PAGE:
Whither the Phone Company?
Alas, such is the fate of the once-venerable voice service. Time and progress have a way of turning things on their heads, and today voice, the dominant source of revenue for some of the world's largest corporations for the past 100 years or so, is no longer able to pull its own weight. Staggering declines in subscriber pricing over the past few years have brought us to the point where revenue generated from voice just isn't enough to pay the bills anymore.
SunRocket's disconnection a few weeks ago was just a harbinger of things to come. The VOIP startup was among the first to bite the dust because of its modest subscriber base, some 200,000 customers. Larger phone companies, temporarily enjoying larger economies of scale, will hold out a little longer; their fates, however, are similarly sealed. The one-trick pony known as the phone company is being marched to the far end of the coral as you read this, shortly to be put out of its misery.
Of course, this does not mean the end is nigh for the likes of AT&T Inc. (NYSE: T), BT Group plc (NYSE: BT; London: BTA), Telefónica SA (NYSE: TEF), and Verizon Communications Inc. (NYSE: VZ); it only spells the end of their business models. And in the latest report from Heavy Reading, Network Transformation: Moving Class 5 Services to IP Networks, we consider the ways in which these telecom giants plan to conquer the world of entertainment and data services, with traditional voice services, at best, tagging along behind.
Telecom operators have been tracking the demise of business-as-usual since the first voice call was placed on the Internet more than a decade ago, and ever since they have been rapidly (by telecom industry standards) transitioning their service portfolio from a solo performer into an ensemble cast. While voice will be no less important to the lives and businesses of subscribers in the future, it will be packaged with a host of other digital services, such as IPTV, which stands to be a greater source of profit for operators than voice.
The fate of the phone company has long been tied to a struggle for supremacy between the two major motivators driving operators to move subscriber services to IP: reduced operating expenses and additional revenue through new services. In VOIP's early days, the prospect of opex reduction was enough to induce some service providers to essentially trade out their TDM-based infrastructure for an IP-based one. This transformation was, by design, largely transparent to subscribers, enabling them to retain familiar features and even aging handsets. This initial attempt to deal with the drastic price reduction in calling plans was based on the premise that service providers could continue to make money by offsetting revenue losses through an equal or greater reduction in opex.
In the past year or so, however, some operators have come to question the financial efficacy of this strategy. The premise behind it is sound: An IP transformation has been proven over the years to offer some degree of improvement in annual opex – though a consensus regarding the significance of that improvement has yet to be reached, and is at least subject to fluctuations from carrier to carrier. However, it is also true that any opex saved through the decommissioning of TDM switches must come at the cost of capital outlays for replacing narrowband access equipment. While carriers are certainly anxious to reduce opex, the up-front expense related to access infrastructure investment changes the equation for many carriers, forcing them to delay or even suspend TDM replacement plans.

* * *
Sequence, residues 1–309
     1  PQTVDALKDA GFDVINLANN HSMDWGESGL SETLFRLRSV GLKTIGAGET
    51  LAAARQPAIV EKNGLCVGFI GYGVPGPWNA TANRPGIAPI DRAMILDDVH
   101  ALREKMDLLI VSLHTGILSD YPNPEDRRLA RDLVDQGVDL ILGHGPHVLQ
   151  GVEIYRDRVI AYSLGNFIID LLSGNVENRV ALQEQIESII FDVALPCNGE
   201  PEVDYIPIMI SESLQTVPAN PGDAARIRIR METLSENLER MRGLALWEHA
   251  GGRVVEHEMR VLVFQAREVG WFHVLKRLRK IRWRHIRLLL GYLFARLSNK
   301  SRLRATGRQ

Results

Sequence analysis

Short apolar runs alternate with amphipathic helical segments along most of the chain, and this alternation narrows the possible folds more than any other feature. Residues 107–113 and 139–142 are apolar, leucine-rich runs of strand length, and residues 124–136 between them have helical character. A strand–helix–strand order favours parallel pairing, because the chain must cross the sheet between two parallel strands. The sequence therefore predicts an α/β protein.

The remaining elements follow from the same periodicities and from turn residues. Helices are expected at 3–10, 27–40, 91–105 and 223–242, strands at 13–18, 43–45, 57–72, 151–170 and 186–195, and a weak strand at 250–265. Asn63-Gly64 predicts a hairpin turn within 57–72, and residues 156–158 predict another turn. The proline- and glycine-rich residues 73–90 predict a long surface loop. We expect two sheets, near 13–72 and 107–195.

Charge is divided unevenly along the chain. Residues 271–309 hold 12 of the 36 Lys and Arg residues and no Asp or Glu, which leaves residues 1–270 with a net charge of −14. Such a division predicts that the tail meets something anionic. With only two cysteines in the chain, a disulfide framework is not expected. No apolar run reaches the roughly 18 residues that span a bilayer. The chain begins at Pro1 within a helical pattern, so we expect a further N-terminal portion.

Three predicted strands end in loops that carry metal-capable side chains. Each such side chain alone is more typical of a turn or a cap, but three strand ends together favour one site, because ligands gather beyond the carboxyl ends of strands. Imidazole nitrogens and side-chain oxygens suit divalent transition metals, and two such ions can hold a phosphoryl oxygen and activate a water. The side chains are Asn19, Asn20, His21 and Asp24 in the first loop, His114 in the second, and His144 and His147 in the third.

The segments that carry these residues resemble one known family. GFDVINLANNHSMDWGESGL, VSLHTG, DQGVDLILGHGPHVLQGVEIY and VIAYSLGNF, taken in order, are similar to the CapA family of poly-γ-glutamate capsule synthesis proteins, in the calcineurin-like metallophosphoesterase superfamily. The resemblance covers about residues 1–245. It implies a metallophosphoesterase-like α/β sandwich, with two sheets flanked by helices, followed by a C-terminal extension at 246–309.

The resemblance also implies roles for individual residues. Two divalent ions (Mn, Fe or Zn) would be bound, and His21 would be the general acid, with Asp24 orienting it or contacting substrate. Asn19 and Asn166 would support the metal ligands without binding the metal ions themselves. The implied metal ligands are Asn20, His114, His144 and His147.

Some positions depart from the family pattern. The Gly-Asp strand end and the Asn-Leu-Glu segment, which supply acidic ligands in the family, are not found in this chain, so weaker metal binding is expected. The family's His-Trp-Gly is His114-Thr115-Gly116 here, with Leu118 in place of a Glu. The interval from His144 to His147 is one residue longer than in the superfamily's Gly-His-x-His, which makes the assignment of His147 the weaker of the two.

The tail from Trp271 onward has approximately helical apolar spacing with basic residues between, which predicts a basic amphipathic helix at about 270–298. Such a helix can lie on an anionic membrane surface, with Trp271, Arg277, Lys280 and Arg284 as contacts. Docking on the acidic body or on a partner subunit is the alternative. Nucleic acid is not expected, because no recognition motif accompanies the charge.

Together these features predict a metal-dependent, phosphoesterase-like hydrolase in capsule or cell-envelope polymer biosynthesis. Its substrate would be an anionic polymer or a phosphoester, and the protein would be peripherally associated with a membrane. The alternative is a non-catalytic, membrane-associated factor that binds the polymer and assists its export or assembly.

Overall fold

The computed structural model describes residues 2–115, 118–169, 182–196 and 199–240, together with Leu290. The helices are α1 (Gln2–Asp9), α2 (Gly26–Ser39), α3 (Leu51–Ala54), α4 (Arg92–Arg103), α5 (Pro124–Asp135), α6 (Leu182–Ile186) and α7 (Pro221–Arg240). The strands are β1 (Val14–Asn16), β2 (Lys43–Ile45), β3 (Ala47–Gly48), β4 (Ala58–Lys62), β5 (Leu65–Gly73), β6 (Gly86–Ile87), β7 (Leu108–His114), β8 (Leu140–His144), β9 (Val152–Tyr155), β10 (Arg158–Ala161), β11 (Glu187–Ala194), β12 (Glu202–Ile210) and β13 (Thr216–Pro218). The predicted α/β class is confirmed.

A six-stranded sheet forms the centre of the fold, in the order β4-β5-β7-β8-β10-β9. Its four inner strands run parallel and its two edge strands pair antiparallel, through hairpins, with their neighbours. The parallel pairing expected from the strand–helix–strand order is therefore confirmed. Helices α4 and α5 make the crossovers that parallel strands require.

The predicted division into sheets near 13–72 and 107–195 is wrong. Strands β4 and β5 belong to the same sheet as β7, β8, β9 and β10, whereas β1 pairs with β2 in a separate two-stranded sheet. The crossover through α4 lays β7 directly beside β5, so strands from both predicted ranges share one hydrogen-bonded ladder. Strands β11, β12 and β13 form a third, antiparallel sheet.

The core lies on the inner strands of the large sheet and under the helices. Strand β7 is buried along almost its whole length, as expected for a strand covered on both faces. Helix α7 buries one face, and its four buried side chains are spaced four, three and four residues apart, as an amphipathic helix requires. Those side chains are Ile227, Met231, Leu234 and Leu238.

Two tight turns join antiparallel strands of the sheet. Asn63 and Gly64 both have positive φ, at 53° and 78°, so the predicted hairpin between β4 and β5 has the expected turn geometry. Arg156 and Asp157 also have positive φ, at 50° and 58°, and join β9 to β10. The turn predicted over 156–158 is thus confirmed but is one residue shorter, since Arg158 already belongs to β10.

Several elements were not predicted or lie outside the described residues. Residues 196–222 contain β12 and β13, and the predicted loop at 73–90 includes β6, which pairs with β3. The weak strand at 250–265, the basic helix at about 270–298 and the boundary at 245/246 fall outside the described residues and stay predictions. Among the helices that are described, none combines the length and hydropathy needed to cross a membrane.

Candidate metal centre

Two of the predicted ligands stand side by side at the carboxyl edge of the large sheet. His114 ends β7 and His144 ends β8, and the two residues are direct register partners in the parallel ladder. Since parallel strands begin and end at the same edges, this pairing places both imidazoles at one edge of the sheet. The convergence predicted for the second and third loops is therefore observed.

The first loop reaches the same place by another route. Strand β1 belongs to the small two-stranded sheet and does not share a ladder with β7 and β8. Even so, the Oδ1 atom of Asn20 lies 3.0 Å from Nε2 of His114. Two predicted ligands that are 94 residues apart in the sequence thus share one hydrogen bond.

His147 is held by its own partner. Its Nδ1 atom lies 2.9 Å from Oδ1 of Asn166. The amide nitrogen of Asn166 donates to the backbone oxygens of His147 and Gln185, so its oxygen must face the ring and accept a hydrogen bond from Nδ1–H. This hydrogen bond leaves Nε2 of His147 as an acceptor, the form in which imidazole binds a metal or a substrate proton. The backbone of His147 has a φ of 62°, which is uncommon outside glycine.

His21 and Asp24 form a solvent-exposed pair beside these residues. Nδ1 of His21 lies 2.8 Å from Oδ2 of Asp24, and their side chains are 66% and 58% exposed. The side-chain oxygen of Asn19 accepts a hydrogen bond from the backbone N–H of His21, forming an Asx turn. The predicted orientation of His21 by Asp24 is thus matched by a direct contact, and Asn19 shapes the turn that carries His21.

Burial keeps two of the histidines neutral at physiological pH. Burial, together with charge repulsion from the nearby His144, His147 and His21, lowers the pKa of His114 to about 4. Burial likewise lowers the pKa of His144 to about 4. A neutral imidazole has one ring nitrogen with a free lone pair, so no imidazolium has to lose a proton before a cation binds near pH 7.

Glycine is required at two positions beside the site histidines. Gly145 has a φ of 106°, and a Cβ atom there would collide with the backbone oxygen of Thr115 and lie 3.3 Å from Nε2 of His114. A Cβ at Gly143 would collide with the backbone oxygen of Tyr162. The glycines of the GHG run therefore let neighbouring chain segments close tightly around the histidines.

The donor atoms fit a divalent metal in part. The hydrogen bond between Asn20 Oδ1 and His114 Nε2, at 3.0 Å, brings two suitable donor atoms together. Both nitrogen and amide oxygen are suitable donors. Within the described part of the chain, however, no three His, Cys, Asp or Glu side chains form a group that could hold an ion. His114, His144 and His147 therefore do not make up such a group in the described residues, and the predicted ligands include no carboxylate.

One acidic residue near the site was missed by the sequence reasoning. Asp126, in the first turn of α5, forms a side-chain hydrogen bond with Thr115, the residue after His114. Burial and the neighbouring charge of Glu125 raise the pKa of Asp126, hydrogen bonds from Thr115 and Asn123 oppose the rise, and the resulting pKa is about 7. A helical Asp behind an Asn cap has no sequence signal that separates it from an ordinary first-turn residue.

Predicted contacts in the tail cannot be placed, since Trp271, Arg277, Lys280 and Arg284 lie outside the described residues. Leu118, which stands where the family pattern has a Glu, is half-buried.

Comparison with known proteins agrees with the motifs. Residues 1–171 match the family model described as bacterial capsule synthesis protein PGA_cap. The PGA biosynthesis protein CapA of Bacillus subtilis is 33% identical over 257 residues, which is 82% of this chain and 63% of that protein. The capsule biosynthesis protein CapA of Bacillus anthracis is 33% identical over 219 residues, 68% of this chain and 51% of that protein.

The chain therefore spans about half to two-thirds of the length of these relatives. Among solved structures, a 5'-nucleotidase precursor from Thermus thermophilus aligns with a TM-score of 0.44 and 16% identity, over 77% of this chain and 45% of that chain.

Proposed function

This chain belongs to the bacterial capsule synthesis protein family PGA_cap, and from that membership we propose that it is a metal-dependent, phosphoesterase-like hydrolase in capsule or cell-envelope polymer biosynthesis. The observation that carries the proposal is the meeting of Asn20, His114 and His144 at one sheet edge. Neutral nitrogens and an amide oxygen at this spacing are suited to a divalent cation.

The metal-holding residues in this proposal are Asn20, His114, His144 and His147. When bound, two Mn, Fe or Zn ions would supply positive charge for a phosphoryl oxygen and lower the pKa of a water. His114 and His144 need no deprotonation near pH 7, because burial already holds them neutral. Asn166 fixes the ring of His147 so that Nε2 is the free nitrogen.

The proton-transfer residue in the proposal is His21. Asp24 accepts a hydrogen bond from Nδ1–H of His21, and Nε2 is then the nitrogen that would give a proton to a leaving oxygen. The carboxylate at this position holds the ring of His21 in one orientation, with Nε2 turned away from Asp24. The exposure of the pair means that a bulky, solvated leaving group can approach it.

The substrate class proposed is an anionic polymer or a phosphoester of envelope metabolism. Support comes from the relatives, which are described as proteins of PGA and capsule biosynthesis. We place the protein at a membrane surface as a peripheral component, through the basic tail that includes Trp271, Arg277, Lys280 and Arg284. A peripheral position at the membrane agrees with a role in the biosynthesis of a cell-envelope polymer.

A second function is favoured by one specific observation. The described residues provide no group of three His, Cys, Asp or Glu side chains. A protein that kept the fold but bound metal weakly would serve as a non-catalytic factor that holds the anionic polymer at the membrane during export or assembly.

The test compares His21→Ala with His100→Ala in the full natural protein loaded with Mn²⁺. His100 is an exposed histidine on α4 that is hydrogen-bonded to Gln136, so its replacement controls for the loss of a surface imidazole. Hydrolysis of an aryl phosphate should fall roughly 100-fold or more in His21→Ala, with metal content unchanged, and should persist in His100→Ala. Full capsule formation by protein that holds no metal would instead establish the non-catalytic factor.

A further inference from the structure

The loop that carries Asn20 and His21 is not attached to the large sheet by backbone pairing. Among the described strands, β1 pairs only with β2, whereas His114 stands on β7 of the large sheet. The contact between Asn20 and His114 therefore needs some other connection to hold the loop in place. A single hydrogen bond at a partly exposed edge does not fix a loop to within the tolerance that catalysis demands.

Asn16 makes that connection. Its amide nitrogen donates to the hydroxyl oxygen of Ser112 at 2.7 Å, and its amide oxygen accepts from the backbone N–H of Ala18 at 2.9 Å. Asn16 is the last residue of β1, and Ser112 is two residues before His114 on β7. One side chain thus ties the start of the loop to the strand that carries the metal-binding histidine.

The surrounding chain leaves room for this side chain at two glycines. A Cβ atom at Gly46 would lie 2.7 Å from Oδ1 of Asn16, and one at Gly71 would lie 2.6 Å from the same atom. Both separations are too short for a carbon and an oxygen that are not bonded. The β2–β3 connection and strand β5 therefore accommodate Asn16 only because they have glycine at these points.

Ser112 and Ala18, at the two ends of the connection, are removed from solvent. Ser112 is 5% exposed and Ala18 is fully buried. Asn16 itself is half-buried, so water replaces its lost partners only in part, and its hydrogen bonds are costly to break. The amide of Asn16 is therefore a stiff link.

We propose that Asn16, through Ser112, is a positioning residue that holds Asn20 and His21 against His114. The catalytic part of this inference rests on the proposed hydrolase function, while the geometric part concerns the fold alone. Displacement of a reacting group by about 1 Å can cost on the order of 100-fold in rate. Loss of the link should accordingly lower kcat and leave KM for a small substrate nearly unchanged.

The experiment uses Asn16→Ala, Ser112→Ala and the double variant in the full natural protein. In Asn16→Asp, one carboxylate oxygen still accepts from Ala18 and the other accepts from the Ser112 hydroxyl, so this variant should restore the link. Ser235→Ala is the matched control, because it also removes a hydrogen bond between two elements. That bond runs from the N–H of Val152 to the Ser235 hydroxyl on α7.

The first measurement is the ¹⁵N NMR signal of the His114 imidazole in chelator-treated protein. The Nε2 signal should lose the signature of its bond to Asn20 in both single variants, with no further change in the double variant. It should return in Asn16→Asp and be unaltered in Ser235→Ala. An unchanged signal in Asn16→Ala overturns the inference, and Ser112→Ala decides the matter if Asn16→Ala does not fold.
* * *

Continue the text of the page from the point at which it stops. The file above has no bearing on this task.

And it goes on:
On reaching this point in their transformation project, some carriers begin to look toward additional revenue sources as the primary driver behind their network renovations. Several operators have already concluded that if they are to take on the expense associated with infrastructure upgrades, it makes the most sense to build a new network that is capable of delivering more than basic – or even enhanced – voice services. This was the motivation for major recent IP transformation projects such as AT&T's U-verse and Verizon's FiOS. Competitive reality also factored into these decisions: What sense did it make to rebuild a network to offer a single service when competitors, such as cable operators, were offering subscribers a package of services?
The answer to this question was obvious for telecom operators, and they chose to relegate voice services to simply one type of IP traffic that can be easily inserted into a broadband data stream. In some cases, voice is considered the least-important component of a multiservice offering, almost an afterthought to lucrative entertainment and data services. Which ends the ignoble decline of voice from headliner to lemming – and spells the subsequent extinction of the telephone company.
This does not mean, of course, that one or more service providers will not figure out a way to earn billions by delivering voice services exclusively. Given the differing demands of the billions of potential subscribers around the world, it would be naïve to think that at least one enterprising player couldn't come up with a voice-only offering that would attract enough attention to make the business model viable.
For the most part, though, voice faces a future in which it has been bumped from first-chair violin to second fiddle... or third... or even fourth.
– Joe McGarvey, Senior Analyst, Heavy Reading